Celebrate St. Patrick's Day with a very Irish meal


I have a long-standing connection to Ireland that dates to my family buying a farm in County Donegal in 1973. At age 22, I sold my motorcycle — my only possession of any real value — and flew to Ireland. I huddled in our Irish cottage for the months of November, December and January and read "The Lord of The Rings" in front of warm turf fires during those cold, wet and windy months.

Ireland was a very different place then than it is now. Very few of my neighbors in that remote glen in Donegal had refrigerators or central heat. Almost no one had a telephone and quite a few didn't have cars. You'd see more tractors than cars parked in front of the local pub. It wasn't unusual for our closest neighbor to walk the 10-kilometer round trip for groceries to supplement the potatoes, carrots, cabbage and turnip her husband had grown the previous season for her family of nine. When I went to the wee markets in our area, the only fresh vegetables offered were the same as our neighbors had grown. There was a plentiful amount of good Irish mutton, though. All of which is a very roundabout (and Irish) way of saying that was when I first started making Irish stew during that very Irish winter of 1973-74.

I first had Irish stew in the pub of McFadden's Hotel, located in the closest village. I had met some people that were about my age, of which there were very few at that time, as there was so little work. Beyond having Irish stew for the first time that evening, I learned two Irish lessons. The first lesson is the custom of rounds. For the uninitiated, rounds is when everyone takes turns buying drinks for the table. Everyone is obligated to participate in each round, which leads to the next lesson, called the craic. The craic is everything that contributes to a good time, but absolutely must include good conversation. Needless to say, the best craic is quite often the result of rounds in a pub! I must admit, in my younger days there were nights I held on for dear life, and anything else I could grab on to, to steady myself on the way out of a pub while observing the local custom with the fervor of a convert.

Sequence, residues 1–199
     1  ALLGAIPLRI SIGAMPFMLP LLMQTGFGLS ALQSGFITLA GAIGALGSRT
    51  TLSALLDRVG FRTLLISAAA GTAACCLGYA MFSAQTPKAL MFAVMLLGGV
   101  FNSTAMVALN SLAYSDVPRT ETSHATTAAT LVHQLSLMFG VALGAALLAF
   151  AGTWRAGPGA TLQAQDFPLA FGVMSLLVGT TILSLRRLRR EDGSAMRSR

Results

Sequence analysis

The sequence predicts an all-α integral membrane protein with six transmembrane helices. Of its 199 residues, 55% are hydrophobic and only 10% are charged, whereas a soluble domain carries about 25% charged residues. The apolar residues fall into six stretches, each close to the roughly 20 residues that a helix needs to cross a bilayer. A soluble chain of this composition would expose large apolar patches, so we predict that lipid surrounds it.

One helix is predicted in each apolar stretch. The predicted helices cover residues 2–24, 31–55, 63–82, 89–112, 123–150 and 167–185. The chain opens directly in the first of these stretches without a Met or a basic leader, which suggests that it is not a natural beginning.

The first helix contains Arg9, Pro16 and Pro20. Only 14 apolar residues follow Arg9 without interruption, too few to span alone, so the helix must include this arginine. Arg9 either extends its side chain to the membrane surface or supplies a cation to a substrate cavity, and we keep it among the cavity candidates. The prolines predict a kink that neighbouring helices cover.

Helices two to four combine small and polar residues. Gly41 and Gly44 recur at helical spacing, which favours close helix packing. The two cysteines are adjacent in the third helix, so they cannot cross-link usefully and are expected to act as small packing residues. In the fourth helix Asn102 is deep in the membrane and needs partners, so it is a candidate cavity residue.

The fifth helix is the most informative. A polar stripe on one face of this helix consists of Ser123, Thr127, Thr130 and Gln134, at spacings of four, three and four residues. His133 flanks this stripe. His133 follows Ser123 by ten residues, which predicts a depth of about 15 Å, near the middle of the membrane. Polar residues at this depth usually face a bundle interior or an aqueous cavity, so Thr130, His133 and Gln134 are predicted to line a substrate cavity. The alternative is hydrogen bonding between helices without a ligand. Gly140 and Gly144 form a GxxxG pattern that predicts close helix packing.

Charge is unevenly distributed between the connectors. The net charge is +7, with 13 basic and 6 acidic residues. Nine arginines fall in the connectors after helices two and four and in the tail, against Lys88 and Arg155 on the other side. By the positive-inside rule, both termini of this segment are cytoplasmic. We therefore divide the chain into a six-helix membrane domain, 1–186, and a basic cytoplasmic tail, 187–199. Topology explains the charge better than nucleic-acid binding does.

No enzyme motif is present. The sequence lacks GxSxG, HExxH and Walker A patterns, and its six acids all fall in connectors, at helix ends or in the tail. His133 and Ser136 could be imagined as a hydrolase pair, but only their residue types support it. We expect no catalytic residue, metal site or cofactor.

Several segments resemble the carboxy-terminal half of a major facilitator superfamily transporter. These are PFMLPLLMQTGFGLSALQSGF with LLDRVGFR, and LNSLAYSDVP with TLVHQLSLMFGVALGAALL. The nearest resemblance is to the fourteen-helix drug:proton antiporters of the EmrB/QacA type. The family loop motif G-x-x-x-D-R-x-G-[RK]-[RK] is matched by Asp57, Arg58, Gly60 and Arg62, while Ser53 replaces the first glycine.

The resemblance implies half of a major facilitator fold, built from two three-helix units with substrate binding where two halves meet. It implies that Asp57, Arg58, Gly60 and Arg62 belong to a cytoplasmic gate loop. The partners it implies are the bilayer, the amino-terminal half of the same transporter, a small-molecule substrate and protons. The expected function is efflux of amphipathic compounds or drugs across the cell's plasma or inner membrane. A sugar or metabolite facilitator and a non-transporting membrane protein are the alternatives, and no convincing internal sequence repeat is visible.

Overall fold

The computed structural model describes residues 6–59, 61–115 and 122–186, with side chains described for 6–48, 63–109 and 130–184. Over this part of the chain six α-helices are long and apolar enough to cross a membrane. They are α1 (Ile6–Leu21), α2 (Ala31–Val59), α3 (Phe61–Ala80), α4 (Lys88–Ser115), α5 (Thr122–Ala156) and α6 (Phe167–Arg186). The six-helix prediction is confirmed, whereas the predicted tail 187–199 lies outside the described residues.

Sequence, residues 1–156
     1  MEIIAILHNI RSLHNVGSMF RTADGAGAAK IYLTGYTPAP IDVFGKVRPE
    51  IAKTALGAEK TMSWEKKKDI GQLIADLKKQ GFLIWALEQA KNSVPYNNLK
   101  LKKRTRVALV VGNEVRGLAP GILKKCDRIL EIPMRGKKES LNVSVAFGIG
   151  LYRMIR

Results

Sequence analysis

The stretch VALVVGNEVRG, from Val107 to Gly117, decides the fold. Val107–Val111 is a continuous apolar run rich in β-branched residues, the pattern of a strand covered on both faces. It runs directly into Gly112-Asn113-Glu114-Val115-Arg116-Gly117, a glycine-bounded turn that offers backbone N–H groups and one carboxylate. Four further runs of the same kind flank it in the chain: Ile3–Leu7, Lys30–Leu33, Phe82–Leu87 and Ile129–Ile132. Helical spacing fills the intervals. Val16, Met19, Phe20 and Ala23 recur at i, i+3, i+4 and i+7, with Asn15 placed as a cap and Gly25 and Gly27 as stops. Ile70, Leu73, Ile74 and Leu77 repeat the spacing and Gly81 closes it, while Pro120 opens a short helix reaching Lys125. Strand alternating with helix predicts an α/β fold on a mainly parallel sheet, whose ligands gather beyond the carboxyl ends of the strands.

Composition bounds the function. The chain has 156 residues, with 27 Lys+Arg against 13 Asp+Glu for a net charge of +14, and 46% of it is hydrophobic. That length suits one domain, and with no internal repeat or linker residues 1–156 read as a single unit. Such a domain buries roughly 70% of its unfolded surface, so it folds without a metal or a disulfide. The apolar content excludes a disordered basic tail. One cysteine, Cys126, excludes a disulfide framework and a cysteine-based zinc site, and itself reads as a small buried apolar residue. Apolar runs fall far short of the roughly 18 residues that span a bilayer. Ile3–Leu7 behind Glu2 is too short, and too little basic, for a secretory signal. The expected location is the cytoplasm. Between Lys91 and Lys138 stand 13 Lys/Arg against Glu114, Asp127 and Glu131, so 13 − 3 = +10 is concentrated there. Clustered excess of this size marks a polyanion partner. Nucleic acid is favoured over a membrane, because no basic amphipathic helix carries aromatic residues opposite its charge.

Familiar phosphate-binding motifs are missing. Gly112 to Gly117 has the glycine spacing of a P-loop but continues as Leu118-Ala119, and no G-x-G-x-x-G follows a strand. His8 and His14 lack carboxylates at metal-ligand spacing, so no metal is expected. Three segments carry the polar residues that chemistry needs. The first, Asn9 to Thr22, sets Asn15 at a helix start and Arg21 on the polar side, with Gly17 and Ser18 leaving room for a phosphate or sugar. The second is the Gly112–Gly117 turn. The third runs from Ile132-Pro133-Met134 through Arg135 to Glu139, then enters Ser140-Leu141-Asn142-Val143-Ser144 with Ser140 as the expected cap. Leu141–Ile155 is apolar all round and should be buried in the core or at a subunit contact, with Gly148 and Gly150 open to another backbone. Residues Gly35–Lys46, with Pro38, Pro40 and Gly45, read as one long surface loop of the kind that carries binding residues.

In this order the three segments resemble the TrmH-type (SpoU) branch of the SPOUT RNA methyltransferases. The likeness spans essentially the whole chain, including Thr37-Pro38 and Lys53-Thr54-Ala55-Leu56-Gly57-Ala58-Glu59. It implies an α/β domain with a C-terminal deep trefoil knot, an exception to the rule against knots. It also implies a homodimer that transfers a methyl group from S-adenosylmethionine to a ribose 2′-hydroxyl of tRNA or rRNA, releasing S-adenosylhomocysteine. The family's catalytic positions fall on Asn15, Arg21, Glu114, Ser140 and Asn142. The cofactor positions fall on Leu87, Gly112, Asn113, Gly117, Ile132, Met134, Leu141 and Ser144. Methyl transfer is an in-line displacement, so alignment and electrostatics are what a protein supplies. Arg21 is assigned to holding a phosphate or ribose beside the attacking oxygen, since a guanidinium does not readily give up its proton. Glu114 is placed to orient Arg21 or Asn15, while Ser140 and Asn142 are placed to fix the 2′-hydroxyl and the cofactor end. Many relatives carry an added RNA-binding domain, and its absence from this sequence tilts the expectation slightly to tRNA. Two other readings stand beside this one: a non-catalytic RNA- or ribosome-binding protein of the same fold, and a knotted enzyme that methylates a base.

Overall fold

I wasn't in Ireland for St. Patrick's Day in 1974, but in conversation on the subject with my neighbors I learned that most of them had never heard of corned beef, much less eaten it. The primary meats that my neighbors cooked, when they either could afford it or they'd raised it, were pork, chicken and mutton, perhaps a bit of lamb in the spring. Beef was still quite dear. At one time in Ireland, mostly in the south, a great deal of corned beef was produced, but that was mostly in the days of landlords and tenants. The tenants couldn't afford beef, which was for the landlords to do with as they wished. To this day, corned beef is virtually nonexistent in Donegal. As a matter of interest, corned beef refers to the large grains or "corns" of rock salt used in the curing process of the beef. As I said before, Ireland has become a very different place. Now when I go to the same wee markets I used to frequent during that winter, there's a very good selection of fresh vegetables and meats, including good Irish lamb. I almost always make a pot of Irish stew whenever I'm there, using lamb instead of mutton. It's what I often make for St. Patrick's Day, served with wheaten bread from a recipe I developed several years ago.

Have a go at the recipes and mess with them as you see fit, but it's best to invite good friends over for the best craic!


Prep: 30 minutes

Cook: 2 hours

6 to 8 portions


4 slices thick-cut bacon (called streaky bacon in Ireland), cut into small dice

Additional of your favorite cooking oil as necessary

3 pounds trimmed, boneless lamb shoulder, cut into 1 1/2-inch pieces

1 teaspoon more or less of salt, adjusted at the end to taste